(This area in front fo Small Smiles shows where metered parking will be removed just to the north of Morton Street.)

(Working drawing from DDOT gives an overview of reconfiguration, where parking will be removed, and the placement of signage related to the new pedestiran refuge islands at Georgia and Morton.)

DDOT Improving Crosswalk Across New Hamsphire Avenue at Georgia

March 6, 2019

(Newly reworked crosswalk on New Hampshire, work still in progress)

I’m very happy to report that work began yesterday to correct the poorly configured crosswalk across New Hampshire Avenue just east of Georgia Avenue — especially the location of the cut through in the median as it related to the other crosswalk ramps. The crosswalk was installed in 2011 as part of the Middle Georgia Avenue Great Streets project, and in 2015 I highlighted how the poor configuration of the median section actually made it impossible to cross the street in a straight line for those in wheelchairs, thus making me question if the crosswalk was ADA compliant.

(Illustration of crosswalk prior to work, showing location of crosswalk ramps and configuration of ramp in median.)

ANC1A is currently working with and supporting neighbors who have identified additional areas along lower Georgia Avenue where improvements are needed to improve pedestrian safety. I look forward to sharing news on those efforts soon.

DDOT Reviewing Potential Bikeshare Station for Central Park View

March 5, 2019

DDOT continues to review locations to expand their Capital Bikeshare program to meet growing community demands for the service. They have identified a new location that looks promising — the northeast corner of Morton Street and Georgia Avenue. Based on DDOT’s preliminary review, there are no parking or traffic impacts to installing a station at this location because it is not in the roadway. The sidewalk is 12 feet wide, so with the bikeshare station installed there would be a six foot pedestrian travel lane, which meets the standards in the Americans with Disabilities Act.

I know that a location in central Park View has been something that many have wanted for years, so the location helps meet that demand as well. The station would be placed next to “Adventure Dental” on the Morton Street side. The following photos provide a better idea of where the station could go.

Notes from February Park Morton Steering Committee Meeting

March 1, 2019

Aimee McHale from the Deputy Mayor of Planning and Economic Development’s office sharing information with the Committee.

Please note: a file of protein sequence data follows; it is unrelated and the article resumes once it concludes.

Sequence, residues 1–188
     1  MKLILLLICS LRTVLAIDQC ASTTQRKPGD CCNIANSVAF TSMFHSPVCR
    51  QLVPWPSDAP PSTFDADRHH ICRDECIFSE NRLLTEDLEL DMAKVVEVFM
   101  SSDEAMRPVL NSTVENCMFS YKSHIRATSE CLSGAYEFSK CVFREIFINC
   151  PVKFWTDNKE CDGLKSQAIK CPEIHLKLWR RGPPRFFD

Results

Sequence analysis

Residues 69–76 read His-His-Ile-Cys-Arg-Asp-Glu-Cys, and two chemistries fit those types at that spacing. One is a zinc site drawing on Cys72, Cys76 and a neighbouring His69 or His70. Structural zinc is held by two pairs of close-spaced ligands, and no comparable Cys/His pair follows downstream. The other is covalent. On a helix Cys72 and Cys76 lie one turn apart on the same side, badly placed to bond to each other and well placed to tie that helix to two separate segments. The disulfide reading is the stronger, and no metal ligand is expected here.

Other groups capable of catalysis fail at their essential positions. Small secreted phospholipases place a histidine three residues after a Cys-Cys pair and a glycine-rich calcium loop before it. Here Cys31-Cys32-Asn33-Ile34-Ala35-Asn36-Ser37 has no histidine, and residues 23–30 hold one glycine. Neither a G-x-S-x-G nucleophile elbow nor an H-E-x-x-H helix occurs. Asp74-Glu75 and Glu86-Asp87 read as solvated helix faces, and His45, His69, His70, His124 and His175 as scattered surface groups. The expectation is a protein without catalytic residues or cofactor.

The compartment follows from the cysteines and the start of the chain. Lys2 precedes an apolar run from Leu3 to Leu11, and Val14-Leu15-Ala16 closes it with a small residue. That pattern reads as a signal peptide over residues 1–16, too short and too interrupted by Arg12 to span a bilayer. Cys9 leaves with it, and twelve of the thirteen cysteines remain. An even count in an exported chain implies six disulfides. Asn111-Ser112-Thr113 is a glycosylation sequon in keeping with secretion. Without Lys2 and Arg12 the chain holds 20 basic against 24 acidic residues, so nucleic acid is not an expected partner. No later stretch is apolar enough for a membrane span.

Last night’s community Park Morton Steering Committee Meeting offered and overview on where things stand regarding the plans to replace and rebuild Park Morton in three phases over two sites. The key information points that were shared centered around the following.

Bruce Monroe Zoning Appeal

As people may recall, the Park Morton redevelopment effort broke down into two zoning cases, one for the current Park Morton site (ZC 16-12) and one for the former Bruce Monroe site (ZC 16-11). Zoning Case 16-12 was not appealed, but Case 16-11 was. Oral arguments for the zoning appeal were heard before the Court of Appeals on February 14, 2019.

There was no decision following oral arguments and there is no required time by which the Court of Appeals must render a decision. Based on past cases, a decision could be between 2-18 month. It is estimated that construction could start 6-9 months after the appeal is resolved.

The primary issues challenging the zoning order shared at the meeting can be seen in the slide below:

Interim Control Funding

The second significant update that was presented was the DMPED funding assistance to the DC Housing Authority (DCHA) to perform interim controls. In 2018, DCHA did environmental studies at its properties throughout DC. At Park Morton, they discovered lead which required remediation. Due to the expense and with redevelopment looming, DCHA initially indicated that it wanted to move residents out and just replace existing buildings. This would have resulted in displacing families which the ANCs, Council, DMPED, and New Communities Initiative are all dedicated to preventing. The current plan is for a phased replacement that does not displace our neighbors.

In order to keep the promise of a development that is constructed in phases without displacement, DMPED agreed to assist DCHA with $4.5M in funding to address the lead and other maintenance issues present at Park Morton that must be addressed between now and the start of the redevelopment.

Housing Mix Review

Another focus area of the meeting concerned the number of units, the affordability of the units, and how many bedrooms each unit had. This was largely a review, but emphasis was made that families living at Park Morton would move into new units once constructed that were appropriate to their needs. Currently, every Park Morton apartment is a  two-bedroom apartment. Some families only need a one-bedroom apartment and others need apartments that are three- or four-bedrooms.

To determine the right size apartment for each family, DMPED has been conducting household surveys and using data from DCHA to identify the various apartment sizes that are necessary to meet the needs of families living at Park Morton. At a very high level, the slide below shows how many housing units will be produced during each phase and where.


The meeting closed out with a Q & A session where questions were asked about job training programs and neighborhood investment in addition to additional information in the areas from the presentation.